Jagaul.com Finance After exit of Claudine Gay, Bill Ackman paints bull’s-eye on diversity programs

After exit of Claudine Gay, Bill Ackman paints bull’s-eye on diversity programs

Billionaire hedge fund manager Bill Ackman, a ringleader in the campaign to oust former Harvard University President Claudine Gay, is fixing his sights on another target that he says has facilitated racism at universities and in corporate America: diversity, equity and inclusion programs.

Ackman penned a 4,000 word takedown of DEI programs, which he posted on social media platform X following the departure of Gay, who resigned on Wednesday over controversial testimony at a Capitol Hill hearing on antisemitism on college campuses, in addition to allegations of plagiarism. 

Gay was the first black president of Harvard and over the course of her six month tenure as president, had championed DEI policies.

In his post, Ackman claimed that such initiatives promote “an oppressor/oppressed framework,” one that in recent months fueled “anti-Israel and anti-Jewish hate speech and harassment” on campus. 

The Harvard alumnus and major donor to the university said that while he believes in “true diversity” within organizations, DEI initiatives, as currently implemented across the higher education and business landscapes are “a political advocacy movement on behalf of certain groups that are deemed oppressed under DEI’s own methodology.”

Ackman said that DEI initiatives are misguided, largely because the “equity” part of the acronym is measured by “equality of outcome, not equality of opportunity.”

“DEI is inherently a racist and illegal movement in its implementation even if it purports to work on behalf of the so-called oppressed,” Ackman wrote. He also argued that the movement is responsible, in large part, for “growing divisiveness” in the U.S.

Indeed, the efficacy of such programs has been called into question, even by those who support the initiatives’ stated goals.

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Changing landscape

The diversity, equity and inclusion (DEI) program landscape looks different than it did toward the latter part of 2020. In the aftermath of George Floyd’s murder, companies overwhelmingly invested in and prioritized programs aimed at increasing diversity within their organizations. Many at the time publicly touted their goals to increase diversity among their ranks and revamp cultures.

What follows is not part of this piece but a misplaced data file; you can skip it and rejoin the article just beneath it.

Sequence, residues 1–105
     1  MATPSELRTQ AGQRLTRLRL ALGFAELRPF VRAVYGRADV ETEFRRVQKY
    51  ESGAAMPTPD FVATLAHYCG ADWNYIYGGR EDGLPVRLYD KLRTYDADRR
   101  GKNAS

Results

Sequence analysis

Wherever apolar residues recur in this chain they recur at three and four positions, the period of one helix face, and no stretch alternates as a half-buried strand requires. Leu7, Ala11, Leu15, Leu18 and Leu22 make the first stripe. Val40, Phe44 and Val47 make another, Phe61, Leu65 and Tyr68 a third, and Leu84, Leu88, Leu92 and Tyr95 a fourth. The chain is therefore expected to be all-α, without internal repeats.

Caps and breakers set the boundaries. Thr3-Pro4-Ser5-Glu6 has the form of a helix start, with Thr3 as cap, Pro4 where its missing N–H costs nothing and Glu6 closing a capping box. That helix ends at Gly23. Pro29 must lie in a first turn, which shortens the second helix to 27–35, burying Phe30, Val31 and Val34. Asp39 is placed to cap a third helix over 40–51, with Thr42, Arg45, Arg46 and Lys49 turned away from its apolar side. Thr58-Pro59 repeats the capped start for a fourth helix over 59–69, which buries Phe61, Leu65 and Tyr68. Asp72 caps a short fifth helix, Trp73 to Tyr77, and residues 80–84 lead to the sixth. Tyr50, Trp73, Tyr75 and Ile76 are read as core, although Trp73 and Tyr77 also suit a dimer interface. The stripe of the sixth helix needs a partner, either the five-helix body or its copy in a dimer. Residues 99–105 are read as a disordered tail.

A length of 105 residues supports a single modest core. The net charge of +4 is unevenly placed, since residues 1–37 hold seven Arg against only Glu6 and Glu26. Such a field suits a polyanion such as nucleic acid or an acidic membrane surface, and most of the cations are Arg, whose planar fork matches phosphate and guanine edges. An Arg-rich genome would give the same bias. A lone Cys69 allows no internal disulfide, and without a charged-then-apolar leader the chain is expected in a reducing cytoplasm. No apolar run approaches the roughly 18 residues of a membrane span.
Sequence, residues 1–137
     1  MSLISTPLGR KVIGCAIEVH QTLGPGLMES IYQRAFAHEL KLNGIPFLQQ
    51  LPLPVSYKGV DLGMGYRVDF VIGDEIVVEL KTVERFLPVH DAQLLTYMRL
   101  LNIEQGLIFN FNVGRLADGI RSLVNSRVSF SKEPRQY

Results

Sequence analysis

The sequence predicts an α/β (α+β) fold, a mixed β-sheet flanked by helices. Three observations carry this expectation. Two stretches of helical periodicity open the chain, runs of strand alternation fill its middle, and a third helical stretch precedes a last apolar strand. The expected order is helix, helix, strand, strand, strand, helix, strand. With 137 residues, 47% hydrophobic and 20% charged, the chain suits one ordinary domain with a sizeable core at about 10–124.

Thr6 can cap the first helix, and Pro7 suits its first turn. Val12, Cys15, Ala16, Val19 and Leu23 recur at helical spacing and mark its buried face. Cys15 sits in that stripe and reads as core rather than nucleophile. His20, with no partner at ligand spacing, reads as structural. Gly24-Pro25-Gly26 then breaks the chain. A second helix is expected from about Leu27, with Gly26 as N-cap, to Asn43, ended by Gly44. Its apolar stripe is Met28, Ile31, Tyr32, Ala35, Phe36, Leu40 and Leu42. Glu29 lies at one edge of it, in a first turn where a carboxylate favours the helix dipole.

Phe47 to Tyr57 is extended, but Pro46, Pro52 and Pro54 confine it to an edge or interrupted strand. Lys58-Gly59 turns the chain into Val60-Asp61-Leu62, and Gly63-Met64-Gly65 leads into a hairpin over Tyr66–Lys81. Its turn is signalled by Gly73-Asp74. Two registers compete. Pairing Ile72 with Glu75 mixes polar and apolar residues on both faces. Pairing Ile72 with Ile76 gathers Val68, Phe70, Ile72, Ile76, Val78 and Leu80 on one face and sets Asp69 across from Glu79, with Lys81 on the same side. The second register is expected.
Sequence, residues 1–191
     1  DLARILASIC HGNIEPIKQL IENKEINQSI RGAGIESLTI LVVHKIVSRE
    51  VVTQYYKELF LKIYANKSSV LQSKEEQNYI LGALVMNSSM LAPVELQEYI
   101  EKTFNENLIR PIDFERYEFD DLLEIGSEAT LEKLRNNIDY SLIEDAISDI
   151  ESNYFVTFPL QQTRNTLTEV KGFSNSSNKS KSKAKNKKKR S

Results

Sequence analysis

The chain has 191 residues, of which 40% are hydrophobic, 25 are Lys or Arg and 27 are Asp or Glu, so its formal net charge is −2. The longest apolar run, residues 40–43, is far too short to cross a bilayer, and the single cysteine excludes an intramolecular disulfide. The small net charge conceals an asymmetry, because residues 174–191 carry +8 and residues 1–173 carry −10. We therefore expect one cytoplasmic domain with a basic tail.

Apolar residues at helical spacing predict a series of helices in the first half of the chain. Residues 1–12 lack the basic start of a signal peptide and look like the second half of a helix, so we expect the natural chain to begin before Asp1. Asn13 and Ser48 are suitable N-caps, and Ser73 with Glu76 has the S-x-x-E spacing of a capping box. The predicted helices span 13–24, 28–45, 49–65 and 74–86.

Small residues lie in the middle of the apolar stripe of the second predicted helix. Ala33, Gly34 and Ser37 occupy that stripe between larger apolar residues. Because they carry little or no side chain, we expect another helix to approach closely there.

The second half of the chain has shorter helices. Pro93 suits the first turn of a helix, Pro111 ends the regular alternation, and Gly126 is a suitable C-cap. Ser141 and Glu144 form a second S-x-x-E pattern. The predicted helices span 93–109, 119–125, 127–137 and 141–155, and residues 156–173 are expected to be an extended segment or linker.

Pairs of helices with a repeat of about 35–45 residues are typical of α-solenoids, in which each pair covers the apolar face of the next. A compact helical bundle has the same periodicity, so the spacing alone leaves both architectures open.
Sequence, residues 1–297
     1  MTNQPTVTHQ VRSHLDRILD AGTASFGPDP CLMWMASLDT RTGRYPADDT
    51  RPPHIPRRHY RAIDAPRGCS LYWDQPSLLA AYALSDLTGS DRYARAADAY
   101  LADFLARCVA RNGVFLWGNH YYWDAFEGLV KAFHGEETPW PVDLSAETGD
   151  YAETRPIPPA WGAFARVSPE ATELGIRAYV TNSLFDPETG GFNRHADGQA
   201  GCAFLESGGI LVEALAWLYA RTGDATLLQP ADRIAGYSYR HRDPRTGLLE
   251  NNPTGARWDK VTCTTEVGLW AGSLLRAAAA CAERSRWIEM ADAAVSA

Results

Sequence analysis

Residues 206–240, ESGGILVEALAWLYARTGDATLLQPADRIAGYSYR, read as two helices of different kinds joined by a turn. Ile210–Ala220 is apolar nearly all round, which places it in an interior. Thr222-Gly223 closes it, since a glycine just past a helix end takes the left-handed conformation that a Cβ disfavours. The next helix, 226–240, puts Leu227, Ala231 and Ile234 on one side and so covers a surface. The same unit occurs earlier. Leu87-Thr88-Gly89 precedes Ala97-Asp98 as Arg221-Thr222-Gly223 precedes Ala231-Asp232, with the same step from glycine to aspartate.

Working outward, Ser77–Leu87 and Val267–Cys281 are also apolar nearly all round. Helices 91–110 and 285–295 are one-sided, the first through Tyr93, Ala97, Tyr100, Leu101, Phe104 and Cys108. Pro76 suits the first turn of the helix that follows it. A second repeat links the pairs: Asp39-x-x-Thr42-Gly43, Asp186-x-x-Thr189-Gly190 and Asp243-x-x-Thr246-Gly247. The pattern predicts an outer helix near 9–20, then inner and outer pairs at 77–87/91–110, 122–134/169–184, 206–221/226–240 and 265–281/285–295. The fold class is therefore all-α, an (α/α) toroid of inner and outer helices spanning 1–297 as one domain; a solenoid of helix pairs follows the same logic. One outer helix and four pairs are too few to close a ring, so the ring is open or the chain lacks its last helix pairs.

Under increased scrutiny and even attack, many organizations are now quietly winding down their official diversity, equity and inclusion (DEI) programs, not long after these programs were momentarily a top corporate priority. 

Jarvis Sam, founder and CEO of DEI firm The Rainbow Disruption and former diversity head at Nike, told CBS MoneyWatch that a lot of organizations that have wound down their DEI programs underinvested them in the first place. 

For example, he said, some corporations developed programs aimed at bringing diverse talent into their organizations at early stages in their careers, without focusing on their development and retention, or implementing deep change in their corporate cultures.  

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“That kind of critique of the programs is justified,” Sam said. “But it’s important to distinguish between what DEI actually means and how it’s activated.”

He said takes issue with Ackman’s stance, in part because the hedge fund manager “conflates equity and equality.” 

Not a free ticket, but a fair shot

According to Sam, the goal of DEI investments “is not about achieving identical outcomes for all, but for creating level playing field so everyone has a fair chance to succeed.”

The addition of diversity criteria is not meant to exclude or disadvantage non-minorities, Sam argued. 

“It’s to say historically, talent from some backgrounds and experiences aren’t given fair shake to apply and engage in the competitive process for opportunities,” he said. “With good DEI we are not trying to control outcome. We never stated that having diversity criteria means we will, or have to land a talent that comes from specific demographic background.”

In other words, diversity criteria are designed to control the process, not the outcome. 

Is DEI dead?

Daniel Snell, co-founder of Arrival, a UK-based consulting firm focused on corporate leadership and culture, acknowledged the significant downturn in investment in DEI initiatives. 

“Many, if not most, large businesses are now unwinding their [DEI] commitments, as well as cutting staff, departments, external budgets, and programs connected to [DEI],” he told CBS MoneyWatch. 

Google and META have each cut DEI-related positions, as well as planned development training for minority hires. 

In a survey of more than 100 global leaders of major organizations, Arrival found that DEI initiatives have fallen from executives’ lists of top priorities.

Snell’s take on the survey responses is that DEI is “dead unless it unlocks performance.”

“It’s a pity that this once-in-a-lifetime opportunity to deliver real change looks like it has come and gone,” Snell added. “However, any mission driven merely by a commitment to ‘do the right thing,’ was unlikely to be sustainable.

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